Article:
Attentiveness: Clarity and Grace - Gordon Conwell

Attentiveness: Clarity and Grace

Dr. Scott W. Sunquist

We encourage students to become very involved in a local church while in seminary, not only when they are doing their practicum (field education).

However, for most of this year I will not be following my own advice.

For this year, Nancy and I are visiting local churches where alumni are pastoring. I feel that I need to know some of these folks and then be able to share what they are doing as we seek support for our future students. “These are the types of ministries our alumni are involved in.” Or, “I have been visiting our alumni in their churches, and guess what I have learned?” It has been very encouraging.

After only four weeks, I have learned a lot. Let me tell you about one of the churches and what I have learned.

For context, Christianity is confronted in America by a number of issues that are causing splits and decline. One of the issues is sexuality. Our culture continues to expand categories related to LGBTQ+. One of the new issues is sexual fluidity and transitioning. Such discussions are becoming part of public school education and may become a challenge to the tax-exempt status that churches and other Christian organizations still enjoy.

So, in the midst of this confusion of gender identity or plurality, an adult education class was led on sexuality at a local church. This local church is taking the issue head-on, with grace and honesty. The class began something like this:

“First, we want to acknowledge that in a class of this size [about 50 showed up], we are sure that there are some with same-sex attractions and some who have friends or relatives who are in gay relationships or marriages. We also acknowledge up front that others have temptations and passions that are not pleasing to God. We must remember that we all live under God’s grace and forgiveness. At the same time, we want to make sure everyone knows that we are committed to the Lordship of Jesus Christ, and, therefore, guided by Scriptures. Here is our church’s statement on sexuality.”

At this point the pastor read the church’s statement out loud as it was put on the screen for all to see. Scriptures were referenced. Thus, the six-week class started with an affirmation of the real situation: we are all sinners saved and sanctified by grace. But we also acknowledge God’s holiness and intention for our lives. No compromise or skirting around either our sin, or God’s holiness.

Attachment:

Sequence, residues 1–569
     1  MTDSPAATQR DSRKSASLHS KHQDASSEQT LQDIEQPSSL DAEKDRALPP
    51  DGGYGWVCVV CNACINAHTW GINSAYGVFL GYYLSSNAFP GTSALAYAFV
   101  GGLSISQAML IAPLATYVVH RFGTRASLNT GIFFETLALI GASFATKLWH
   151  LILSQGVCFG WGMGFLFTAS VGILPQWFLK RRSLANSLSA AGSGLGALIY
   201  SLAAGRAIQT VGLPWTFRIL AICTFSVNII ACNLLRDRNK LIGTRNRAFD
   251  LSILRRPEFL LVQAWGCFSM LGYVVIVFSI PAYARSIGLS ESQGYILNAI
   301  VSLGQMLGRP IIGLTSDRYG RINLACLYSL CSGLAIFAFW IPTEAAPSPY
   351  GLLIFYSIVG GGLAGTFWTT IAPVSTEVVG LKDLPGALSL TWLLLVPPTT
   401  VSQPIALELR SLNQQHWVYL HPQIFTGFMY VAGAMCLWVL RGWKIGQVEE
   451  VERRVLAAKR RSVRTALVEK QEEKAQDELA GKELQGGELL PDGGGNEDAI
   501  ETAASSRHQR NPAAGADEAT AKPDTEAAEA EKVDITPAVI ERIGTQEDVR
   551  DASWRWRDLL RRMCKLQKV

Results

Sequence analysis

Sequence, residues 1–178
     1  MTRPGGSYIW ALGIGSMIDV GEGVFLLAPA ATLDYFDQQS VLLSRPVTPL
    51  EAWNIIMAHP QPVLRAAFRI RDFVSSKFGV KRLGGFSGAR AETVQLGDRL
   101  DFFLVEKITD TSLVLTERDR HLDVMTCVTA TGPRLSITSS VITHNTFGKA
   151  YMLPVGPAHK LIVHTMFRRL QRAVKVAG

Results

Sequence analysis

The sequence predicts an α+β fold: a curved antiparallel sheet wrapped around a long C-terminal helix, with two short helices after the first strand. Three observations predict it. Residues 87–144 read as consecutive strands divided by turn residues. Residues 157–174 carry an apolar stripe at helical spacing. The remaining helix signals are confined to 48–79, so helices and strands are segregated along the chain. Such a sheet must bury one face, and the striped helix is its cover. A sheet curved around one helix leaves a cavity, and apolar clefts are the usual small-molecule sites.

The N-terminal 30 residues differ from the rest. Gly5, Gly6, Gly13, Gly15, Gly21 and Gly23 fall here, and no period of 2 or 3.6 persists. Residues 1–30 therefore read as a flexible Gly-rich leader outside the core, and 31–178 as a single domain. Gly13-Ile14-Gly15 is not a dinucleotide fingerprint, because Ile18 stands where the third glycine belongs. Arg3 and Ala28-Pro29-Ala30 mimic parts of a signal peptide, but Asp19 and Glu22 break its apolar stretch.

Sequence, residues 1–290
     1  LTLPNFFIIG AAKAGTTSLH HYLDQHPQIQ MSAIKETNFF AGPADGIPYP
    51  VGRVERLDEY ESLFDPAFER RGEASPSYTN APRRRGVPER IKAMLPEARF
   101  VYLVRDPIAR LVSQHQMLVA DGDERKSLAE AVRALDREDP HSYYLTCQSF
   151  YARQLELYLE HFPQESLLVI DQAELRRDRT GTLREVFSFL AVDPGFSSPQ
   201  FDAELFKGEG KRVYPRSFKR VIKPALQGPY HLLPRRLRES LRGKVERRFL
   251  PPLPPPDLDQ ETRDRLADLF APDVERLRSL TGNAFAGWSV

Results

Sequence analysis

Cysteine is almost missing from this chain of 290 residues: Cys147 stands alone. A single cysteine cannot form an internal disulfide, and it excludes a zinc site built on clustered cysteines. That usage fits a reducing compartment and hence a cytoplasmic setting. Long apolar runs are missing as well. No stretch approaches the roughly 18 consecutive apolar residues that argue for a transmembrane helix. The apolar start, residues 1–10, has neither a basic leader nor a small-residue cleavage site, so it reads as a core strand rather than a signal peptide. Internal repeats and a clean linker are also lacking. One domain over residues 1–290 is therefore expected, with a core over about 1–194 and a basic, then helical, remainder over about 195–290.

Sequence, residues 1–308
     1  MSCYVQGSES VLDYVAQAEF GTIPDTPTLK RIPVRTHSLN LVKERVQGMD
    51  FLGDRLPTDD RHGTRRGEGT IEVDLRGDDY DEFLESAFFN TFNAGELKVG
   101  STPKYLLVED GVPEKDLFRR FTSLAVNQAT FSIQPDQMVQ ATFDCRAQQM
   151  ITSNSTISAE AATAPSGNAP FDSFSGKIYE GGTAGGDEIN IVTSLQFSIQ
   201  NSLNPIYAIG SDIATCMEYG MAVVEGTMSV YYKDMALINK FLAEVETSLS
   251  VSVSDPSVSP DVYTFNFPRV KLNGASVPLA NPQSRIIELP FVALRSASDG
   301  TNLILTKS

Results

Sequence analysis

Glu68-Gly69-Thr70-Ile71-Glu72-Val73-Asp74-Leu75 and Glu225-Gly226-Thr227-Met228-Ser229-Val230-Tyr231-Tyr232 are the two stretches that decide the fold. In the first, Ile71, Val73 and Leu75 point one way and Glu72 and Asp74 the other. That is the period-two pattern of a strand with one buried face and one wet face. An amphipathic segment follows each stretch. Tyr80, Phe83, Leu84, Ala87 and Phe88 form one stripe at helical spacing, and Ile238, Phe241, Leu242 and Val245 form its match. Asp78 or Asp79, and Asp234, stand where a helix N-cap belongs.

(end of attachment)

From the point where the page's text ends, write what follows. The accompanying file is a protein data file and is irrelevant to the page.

The class then prayed and began with a testimony from a couple whose child, after years of struggle and questioning, had a same-sex wedding just last summer. This is a present issue in the church that they are willing to talk about openly and with, well… I would have to say with kindness. This child respects the pastor and church who have not rejected him/her because of the decision that was made.

The pastor was a good example of clarity (“This is God’s design and what we strive for.”) and grace (“We are all sinners and each day we need to again, and again, learn to show love for each other.”). The story is not over in this situation, but in the midst of the church’s life story (in medias res) a particular story is told, and biblical standards of truth and forgiveness are being upheld.

Facing these issues openly and honestly today is getting very hard. Social media makes it easy to immediately publicly shame people if they seem to be “soft” on the issue or too “harsh” in responding to the sinner. But we must not let fear of criticism prevent us from talking openly about a Christian response to these social issues. The church needs this to stay healthy, and our neighbors need to see Christians being honest and vulnerable, but confident in God’s holiness and forgiveness.

Holiness and forgiveness. Clarity and grace. These are good partners as we provide leadership in a contentious age.

Scott W. Sunquist, the President of Gordon-Conwell Theological Seminary, writes a weekly blog, “Attentiveness” which is posted each Tuesday on the Gordon-Conwell web site. He welcomes comments, responses, and good ideas.




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